What We Have Seen and Learned 20 Years After the Asian Financial Crisis

By Mitsuhiro Furusawa

July 13, 2017

Versions in  عربي (Arabic), Bahasa (Indonesia),  中文 (Chinese), Español (Spanish), Français (French), 
日本語 (Japanese), Русский (Russian)

A trader in Seoul, South Korea: Asia is the largest contributor to global growth (photo: Ryu Seung-il/Polaris/Newscom)

Asia today is the fastest-growing region in the world, and the largest contributor to global growth. It has six members of the Group of Twenty advanced and emerging economies, and its economic and social achievements are well recognized.

But 20 years ago, July 1997 marked the beginning of the Asian Financial Crisis, when a combination of economic, financial and corporate problems triggered a sharp loss of confidence and capital outflows from the region’s emerging market economies. The crisis began in Thailand on July 2, when the baht’s peg to the dollar was dropped, and eventually spread to Korea, Indonesia and other countries. Continue reading “What We Have Seen and Learned 20 Years After the Asian Financial Crisis” »

Higher Policy Uncertainty Could Be Bad News for Japan’s Economy

by  Elif C. Arbatli, Steven J. Davis, and Arata Ito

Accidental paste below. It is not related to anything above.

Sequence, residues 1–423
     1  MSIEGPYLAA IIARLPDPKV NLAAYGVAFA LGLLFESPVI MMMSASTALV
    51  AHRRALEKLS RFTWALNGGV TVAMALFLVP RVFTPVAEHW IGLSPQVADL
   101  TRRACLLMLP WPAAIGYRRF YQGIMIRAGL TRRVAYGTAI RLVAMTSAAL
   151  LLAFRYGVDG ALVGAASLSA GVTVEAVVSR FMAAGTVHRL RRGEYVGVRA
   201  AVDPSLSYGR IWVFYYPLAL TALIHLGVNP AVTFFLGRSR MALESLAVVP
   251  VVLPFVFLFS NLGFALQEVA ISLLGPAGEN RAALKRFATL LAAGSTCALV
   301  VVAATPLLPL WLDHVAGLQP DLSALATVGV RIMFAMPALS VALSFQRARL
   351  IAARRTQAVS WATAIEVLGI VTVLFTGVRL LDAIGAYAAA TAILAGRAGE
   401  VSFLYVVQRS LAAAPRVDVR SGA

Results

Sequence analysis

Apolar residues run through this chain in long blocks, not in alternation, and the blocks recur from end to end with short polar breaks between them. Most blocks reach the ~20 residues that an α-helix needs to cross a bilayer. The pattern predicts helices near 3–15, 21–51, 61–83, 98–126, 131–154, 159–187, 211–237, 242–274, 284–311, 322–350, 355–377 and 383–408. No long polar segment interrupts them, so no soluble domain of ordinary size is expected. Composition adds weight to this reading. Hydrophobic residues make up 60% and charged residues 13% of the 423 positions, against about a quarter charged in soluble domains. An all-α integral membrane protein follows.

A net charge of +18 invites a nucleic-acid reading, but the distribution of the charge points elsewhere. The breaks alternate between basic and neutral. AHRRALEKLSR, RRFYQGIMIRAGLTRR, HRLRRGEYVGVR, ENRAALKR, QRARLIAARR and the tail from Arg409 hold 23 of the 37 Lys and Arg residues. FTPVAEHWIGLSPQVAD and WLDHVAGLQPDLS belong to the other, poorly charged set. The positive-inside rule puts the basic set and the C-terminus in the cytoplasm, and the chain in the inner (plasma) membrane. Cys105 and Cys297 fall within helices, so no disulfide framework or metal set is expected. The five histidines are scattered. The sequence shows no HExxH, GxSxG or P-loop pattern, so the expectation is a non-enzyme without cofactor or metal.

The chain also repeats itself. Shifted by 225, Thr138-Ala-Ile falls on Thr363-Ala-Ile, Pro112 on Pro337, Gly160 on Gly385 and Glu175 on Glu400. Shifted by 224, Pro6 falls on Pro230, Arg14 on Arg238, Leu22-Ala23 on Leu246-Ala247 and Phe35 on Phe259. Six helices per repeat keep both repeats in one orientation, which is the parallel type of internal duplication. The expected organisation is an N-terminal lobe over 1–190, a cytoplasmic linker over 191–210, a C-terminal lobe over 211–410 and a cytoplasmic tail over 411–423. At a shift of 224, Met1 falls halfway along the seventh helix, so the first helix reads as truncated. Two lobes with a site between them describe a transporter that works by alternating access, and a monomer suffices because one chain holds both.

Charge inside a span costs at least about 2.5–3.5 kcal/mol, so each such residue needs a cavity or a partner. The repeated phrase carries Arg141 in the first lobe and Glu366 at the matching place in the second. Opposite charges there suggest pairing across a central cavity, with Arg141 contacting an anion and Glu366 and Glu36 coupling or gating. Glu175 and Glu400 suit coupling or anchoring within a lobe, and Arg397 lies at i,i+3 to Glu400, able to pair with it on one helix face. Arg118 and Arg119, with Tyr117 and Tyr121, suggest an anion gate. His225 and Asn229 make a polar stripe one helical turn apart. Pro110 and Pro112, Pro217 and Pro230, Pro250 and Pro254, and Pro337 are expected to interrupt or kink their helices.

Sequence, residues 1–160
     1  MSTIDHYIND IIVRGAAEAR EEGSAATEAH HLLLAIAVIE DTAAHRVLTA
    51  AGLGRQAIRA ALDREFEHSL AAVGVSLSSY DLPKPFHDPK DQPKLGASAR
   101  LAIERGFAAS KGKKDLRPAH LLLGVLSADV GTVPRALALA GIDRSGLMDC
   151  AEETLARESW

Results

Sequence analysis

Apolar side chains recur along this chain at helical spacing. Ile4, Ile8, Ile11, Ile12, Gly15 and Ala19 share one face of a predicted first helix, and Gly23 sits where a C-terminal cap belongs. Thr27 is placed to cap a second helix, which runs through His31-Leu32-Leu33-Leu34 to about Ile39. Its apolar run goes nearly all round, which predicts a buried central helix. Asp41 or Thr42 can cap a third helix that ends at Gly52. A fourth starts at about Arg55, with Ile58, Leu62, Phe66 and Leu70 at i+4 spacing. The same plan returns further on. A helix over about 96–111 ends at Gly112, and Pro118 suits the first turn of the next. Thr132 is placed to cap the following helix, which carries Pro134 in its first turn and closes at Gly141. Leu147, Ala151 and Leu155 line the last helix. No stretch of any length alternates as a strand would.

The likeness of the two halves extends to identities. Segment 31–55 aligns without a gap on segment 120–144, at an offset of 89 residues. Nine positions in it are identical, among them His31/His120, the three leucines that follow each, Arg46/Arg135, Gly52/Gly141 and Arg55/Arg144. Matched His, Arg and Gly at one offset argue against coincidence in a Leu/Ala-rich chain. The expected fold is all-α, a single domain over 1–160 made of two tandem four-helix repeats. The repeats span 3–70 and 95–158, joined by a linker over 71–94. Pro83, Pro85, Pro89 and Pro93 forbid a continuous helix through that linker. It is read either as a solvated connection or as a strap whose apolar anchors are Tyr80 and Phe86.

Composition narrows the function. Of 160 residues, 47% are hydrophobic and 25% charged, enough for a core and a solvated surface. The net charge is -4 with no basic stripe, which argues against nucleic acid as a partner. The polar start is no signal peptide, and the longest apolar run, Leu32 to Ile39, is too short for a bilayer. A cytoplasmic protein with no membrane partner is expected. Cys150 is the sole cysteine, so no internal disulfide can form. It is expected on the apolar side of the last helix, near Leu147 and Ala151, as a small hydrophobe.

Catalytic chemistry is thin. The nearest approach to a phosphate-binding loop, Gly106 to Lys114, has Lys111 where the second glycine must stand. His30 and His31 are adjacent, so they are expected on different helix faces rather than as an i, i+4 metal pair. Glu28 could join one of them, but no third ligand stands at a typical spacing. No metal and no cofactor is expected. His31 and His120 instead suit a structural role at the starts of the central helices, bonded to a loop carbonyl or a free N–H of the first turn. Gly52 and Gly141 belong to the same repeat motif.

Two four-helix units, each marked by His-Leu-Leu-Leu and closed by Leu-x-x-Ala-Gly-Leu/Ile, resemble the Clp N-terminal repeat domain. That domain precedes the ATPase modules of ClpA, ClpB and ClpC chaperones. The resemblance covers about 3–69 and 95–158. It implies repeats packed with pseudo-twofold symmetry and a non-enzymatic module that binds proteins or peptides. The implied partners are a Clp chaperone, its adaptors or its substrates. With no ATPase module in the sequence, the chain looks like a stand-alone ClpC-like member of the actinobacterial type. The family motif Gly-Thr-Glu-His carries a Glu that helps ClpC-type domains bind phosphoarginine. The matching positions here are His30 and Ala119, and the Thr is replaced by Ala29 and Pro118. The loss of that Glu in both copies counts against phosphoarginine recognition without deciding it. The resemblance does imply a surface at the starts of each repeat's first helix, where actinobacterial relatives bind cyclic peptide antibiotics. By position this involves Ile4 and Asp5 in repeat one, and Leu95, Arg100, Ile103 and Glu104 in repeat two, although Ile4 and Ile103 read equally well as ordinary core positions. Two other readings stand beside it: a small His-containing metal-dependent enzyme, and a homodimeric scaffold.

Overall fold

May 30, 2017

Version in  中文 (Chinese), 日本語 (Japanese)

Policy uncertainty remains a challenge in Japan, and can harm the country’s economic performance according to a new IMF study. The good news is that credible plans for taxation, spending and structural reforms, as well as greater clarity about monetary policy can reduce uncertainty. Continue reading “Higher Policy Uncertainty Could Be Bad News for Japan’s Economy” »

Asia’s Seismic Shift: How Can the Financial Sector Serve Better?

Min ZhuBy Min Zhu

(Versions in  中文Español)

Asia is set to be the powerhouse for growth in the next decade, just as it was in the last one. The size of its economy is expected to expand more rapidly than the other regions of the world, and its share in the world output is expected to rise from 30 percent to more than 40 percent in the coming decade. The structure of the economy is expected to continue to transform from a narrower manufacturing hub to a group of vibrant, diverse and large markets with a rising middle-class population.

The role of the financial sector is critical in the success of this seismic transformation. Let me explain by focusing on three areas:

Continue reading “Asia’s Seismic Shift: How Can the Financial Sector Serve Better?” »

Investing in a Rebalancing of Growth in Asia

Continuing my travels through Asia for the launch of our latest Regional Economic Outlook: Asia and Pacific, I am writing to you today from Singapore. Last week, I wrote about the near-term outlook for Asia. Today, I turn to the key medium-term challenge—an issue emphasized by G-20 ministers over the weekend—the need to rebalance economic growth. For much of Asia, this means shifting away from heavy reliance on exports by strengthening domestic sources of growth. While much of the discussion on this issue has focused on ways to increase consumption, the role of investment is equally important and should not be overlooked.

By | October 25th, 2010|Asia, Economic outlook, IMF, International Monetary Fund|1 Comment
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